These days most randonneurs use a navigation device (smartphone or GPS) which will be needed for much longer than their battery will last and a dyno-powered USB charger is a great solution.
Here are some comments from the Randon list:
Tim Feldman asked:
- How much power does the USB charger provide, and thus, how quickly will a rechargeable device recharge?
(What version of the USB standard does the charger comply with?)
- At what speed does its output turn on and off?
- How much drag results from charging a USB-powered or rechargeable device?
- How does a loaded USB charger (powering a device) affect the brightness of a headlight (and taillight and, in general, powering of other devices off the dyno)?
- What devices are compatible with being plugged in while being used, particularly with intermittent power being supplied?
David Dean, owner and electrical engineer, Sinewave Cycles said:
The charger output can turn on any almost any speed (with no load you can measure 5V at working speed), but the question is really
what is the minimum current that your device can draw, and at what speed can the Revolution provide that much current,
which is really a question about how much power the dynamo can provide at any speed, which is also affected by different wheel sizes, etc, etc.
The drag is a question of the efficiency of the dynamo, which is not so clearly advertised, but I do know of some people who have done third-party testing.
The effect of the charger and headlight on each other is really difficult to predict.
It includes all of the above variables, and also the device being charged and a time-based variable
(if the light is able to pull away more power it may further limit the phone’s ability to draw current,
if the phone IS able to draw more current it may keep the light at a lower level.
Then you hit some speed threshold or the device changes the power it wants or the standlight capacitor finishes charging and then everything changes…
It’s been frustratingly difficult to declare which devices can charge directly and which should use a buffer battery.
Two quick stories to illustrate the difficulty:
I had an iPhone 6s that charged very well at low speeds.
At some point I had the battery replaced and it no longer changed at low speeds.
So I could not say whether an iPhone 6s can charge directly or not, it depends on other factors that will vary from phone to phone.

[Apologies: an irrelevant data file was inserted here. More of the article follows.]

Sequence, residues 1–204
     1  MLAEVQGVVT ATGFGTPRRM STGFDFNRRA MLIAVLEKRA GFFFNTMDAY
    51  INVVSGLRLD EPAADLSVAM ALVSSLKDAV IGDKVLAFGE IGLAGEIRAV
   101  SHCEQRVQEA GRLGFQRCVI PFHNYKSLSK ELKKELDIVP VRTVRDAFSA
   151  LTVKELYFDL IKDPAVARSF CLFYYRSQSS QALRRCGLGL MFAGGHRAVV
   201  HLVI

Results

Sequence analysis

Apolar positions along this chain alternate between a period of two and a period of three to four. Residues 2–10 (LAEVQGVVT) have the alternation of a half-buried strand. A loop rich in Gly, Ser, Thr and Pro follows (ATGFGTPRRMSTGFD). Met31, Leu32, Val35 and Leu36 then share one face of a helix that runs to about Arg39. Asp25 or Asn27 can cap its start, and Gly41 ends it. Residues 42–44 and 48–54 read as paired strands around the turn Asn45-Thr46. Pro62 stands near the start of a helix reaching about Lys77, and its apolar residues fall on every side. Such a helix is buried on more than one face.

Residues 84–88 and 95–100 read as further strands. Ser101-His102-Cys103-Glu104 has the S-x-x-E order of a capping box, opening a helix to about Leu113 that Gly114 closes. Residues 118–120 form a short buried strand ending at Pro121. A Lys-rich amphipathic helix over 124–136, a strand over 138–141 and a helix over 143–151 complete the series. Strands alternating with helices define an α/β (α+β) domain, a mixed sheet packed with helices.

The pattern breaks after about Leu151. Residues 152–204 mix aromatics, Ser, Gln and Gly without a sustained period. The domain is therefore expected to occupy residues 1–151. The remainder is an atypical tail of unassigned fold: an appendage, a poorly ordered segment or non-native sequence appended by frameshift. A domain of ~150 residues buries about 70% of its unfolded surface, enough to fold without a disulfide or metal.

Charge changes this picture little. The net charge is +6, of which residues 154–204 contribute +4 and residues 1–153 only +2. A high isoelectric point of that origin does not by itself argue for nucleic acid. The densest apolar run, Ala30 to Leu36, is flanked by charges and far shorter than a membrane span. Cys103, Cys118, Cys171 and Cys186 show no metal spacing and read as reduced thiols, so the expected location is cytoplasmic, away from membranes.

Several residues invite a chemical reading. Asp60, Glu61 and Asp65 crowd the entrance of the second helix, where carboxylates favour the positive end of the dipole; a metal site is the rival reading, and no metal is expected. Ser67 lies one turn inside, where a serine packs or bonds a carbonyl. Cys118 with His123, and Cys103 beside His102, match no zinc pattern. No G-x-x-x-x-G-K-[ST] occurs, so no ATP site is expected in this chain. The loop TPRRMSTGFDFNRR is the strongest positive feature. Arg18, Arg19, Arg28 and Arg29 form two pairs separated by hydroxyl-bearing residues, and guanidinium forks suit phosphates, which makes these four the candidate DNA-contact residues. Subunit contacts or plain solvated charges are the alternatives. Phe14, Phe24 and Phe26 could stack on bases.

You are probably familiar with how some Garmin units will try to auto-shutdown when you come to a stop. I’ve heard from at least one customer where the behavior only started after they performed a firmware update.
So, while it can seem like a cop-out, that’s why I only recommend that customers test their setup and determine if they want to use a buffer battery or not.
Even by knowing the phone or GPS make and model I can’t say for sure how it will behave.
‘Jacques Bilinski’ commented:
If you’re tinkering with this stuff one or more ‘USB power meters’ are useful devices.
They are available cheaply on places like ebay and amazon.
You plug them in series between between a USB powered device and a USB power source and they measure various things including the total Energy used in a time period.
In addition to the really cheap ones there are more expensive ones like the Klein Tools USB Digital Meter, USB-A (Type A) which is a little more solid and has the ability to store data.
This article is almost a decade old but still is one of the best summaries of several hubs.
It includes drag and output info for several hubs at various speeds, both with and without a load.
Experiences and observations with trying to be electrically self sufficient on a five week bike tour.
Note that I chose not to use any dyno powered lighting on that tour, so it was all about charging and energy conservation.
Couple key points, make sure you use good cables and using a phone with a cold battery burns through the battery faster.